The past three decades have resulted in a fluctuating economy within Bulgaria. Specifically, the global financial crisis of 2008 has left the country with insolvency. Despite this hardship, Bulgaria continues to rise on the Global Competitiveness Report, coming in at 49 out of 144 countries. Advancements in the information communications technology (ICT) sector has played a large part in their resiliency and may be the key to innovations in poverty eradication in Bulgaria.

The Global Competitiveness Report

The Global Competitiveness Report measures a number of pillars. Since the implementation of its national strategy for poverty eradication in Bulgaria in 2015, Bulgaria has significantly improved its Global Competitiveness Report ranking in the 12th pillar: innovation capability. In 2015, it ranked 94 out of 140 countries. In 2019, its ranking jumped to 48 out of 141 countries.

In 2018, the Global Competitiveness Report added an additional pillar for ICT adoption. Bulgaria currently ranks 30 out of 141 countries on this pillar. From 2016 to 2018, there was a 300% growth in the Bulgarian ICT workforce. To paint a more detailed picture, the industry went from 5,000 to 20,000 workers.

What is ICT?

People may best know Bulgaria for its software industry, namely educational software, financial services software, analytical software and Manufacturing Execution System (MES) management software. Of the E.U. members, many regard Bulgaria as having the best performing ICT sector. In addition, Bulgaria houses approximately 10,000 ICT companies. This may be due to the low corporate tax rates of 10%.

ICT Organizations for Marginalized Citizens

A subsequent factor of poverty is social exclusion. Gaps in employment and educational opportunities create social barriers for poverty-ridden areas. Despite 71% of Bulgarian homes having access to high-speed internet, only 41% of citizens have basic computer skills. The following organizations have devoted themselves to mending this gap:

  • Telerik Academy: Telerik Academy is a free educational program for Bulgarian citizens that teaches computer literacy and key digital competencies for careers in the ICT software sector. Its founders, Svetozar Georgiev, Boyko Iaramov, Vassil Terziev and Hristo Kosev, created Telerik Academy in 2009 as a way to train people for their company’s ICT needs. Shortly after, Telerik expanded its services to reach anyone wanting to develop skills for future ICT careers. Telerik Academy has serviced over 115,000 Bulgarian children and professionals in its first 10 years.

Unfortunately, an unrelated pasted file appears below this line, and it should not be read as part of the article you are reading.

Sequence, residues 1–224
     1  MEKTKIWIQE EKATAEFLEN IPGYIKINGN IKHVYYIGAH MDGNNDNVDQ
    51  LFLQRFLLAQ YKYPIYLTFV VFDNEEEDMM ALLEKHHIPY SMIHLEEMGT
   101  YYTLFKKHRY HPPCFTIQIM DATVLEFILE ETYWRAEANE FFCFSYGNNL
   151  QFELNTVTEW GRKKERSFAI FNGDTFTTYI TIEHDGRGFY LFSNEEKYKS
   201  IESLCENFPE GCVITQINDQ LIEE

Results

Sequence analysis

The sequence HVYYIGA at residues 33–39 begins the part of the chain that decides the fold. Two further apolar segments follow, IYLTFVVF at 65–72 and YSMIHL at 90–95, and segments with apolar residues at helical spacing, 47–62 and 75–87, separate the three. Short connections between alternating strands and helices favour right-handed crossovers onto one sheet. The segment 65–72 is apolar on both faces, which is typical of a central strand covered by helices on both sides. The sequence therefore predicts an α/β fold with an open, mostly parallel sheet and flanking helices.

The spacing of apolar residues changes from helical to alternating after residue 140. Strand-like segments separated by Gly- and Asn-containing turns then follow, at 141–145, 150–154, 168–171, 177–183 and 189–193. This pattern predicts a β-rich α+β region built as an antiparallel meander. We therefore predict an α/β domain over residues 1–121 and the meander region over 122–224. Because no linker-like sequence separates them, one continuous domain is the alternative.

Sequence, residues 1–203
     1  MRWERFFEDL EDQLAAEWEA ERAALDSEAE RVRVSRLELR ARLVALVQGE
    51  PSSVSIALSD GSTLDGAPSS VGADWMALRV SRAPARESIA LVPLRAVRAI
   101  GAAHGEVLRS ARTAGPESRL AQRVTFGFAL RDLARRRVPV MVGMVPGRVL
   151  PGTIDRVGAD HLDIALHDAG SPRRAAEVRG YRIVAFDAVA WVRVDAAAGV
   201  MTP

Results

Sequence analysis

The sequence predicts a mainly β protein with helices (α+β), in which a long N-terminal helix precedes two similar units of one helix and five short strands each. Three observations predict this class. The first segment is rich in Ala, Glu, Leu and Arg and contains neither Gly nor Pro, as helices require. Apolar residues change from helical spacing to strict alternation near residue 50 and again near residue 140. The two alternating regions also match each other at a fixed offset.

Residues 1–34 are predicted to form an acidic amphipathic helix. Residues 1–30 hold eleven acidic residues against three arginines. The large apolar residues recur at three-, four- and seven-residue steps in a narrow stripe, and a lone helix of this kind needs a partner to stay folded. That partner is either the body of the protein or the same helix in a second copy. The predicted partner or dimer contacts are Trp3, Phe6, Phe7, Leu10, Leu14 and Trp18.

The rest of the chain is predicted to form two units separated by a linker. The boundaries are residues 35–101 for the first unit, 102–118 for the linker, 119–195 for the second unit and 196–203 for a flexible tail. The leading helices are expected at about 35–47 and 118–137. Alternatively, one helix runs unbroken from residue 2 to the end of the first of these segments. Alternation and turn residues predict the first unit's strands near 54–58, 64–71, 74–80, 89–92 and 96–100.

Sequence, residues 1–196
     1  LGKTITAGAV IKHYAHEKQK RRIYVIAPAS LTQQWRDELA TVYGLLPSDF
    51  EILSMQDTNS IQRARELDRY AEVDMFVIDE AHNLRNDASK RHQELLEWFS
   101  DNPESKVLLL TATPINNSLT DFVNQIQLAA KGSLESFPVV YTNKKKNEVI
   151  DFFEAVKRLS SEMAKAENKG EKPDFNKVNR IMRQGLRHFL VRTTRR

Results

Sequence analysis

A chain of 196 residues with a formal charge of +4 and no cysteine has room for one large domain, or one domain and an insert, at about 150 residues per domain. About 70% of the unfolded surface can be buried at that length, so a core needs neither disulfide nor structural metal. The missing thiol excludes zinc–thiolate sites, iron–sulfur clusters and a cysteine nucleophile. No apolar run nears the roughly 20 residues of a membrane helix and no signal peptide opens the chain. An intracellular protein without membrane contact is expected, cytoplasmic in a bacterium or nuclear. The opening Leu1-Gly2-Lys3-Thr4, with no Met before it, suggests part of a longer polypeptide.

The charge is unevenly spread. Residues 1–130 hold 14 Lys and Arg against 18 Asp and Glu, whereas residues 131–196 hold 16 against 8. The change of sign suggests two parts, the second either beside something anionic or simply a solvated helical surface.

•  The Bulgarian Centre for Women in Technology (BCWT): The Bulgarian Centre for Women in Technology (BCWT) is another important organization in the ICT sector. Since its start in 2012, the BCWT has devoted its efforts to diminishing gender stereotypes in the ICT realm by motivating females to pursue careers in science and technology. In 2015, Bulgaria had the highest percentage of EU female ICT workers with 27.7%. The BCWT has a number of past and ongoing initiatives that have contributed to this ranking. Enterpregirl, for example, is a competition that invites young Bulgarian women to present their innovative ICT-related projects. The goal is to develop confidence in young women’s entrepreneurship skills in a field that has been historically reserved for men.

Bulgaria’s ICT sector has remained on a steady incline for the past five years, with no intention of slowing down. Bulgaria’s growing software industry proves to aid with innovations in poverty eradication. Organizations like Telerik Academy and BCWT are crucial in closing the employment and educational gaps that ultimately fortify poverty. Despite the country’s insolvency, Bulgaria remains dedicated to poverty eradication in Bulgaria through ICT education and opportunities.

– Sage Ahrens-Nichols
Photo: Flickr

local production of medical suppliesAs developing countries struggle to meet their medical supply needs, many organizations have attempted to address these needs through the global supply chain. However, this system is often inefficient and inadequate for helping developing countries. Empowering struggling communities through the local production of medical supplies may be the key to improving medical care throughout the world.

Not Enough Oxygen

When working to improve healthcare in developing countries, aid organizations often struggle to supply adequate medical supplies in a timely manner. Supply shortages mean that these organizations fail to provide enough medical resources for these countries.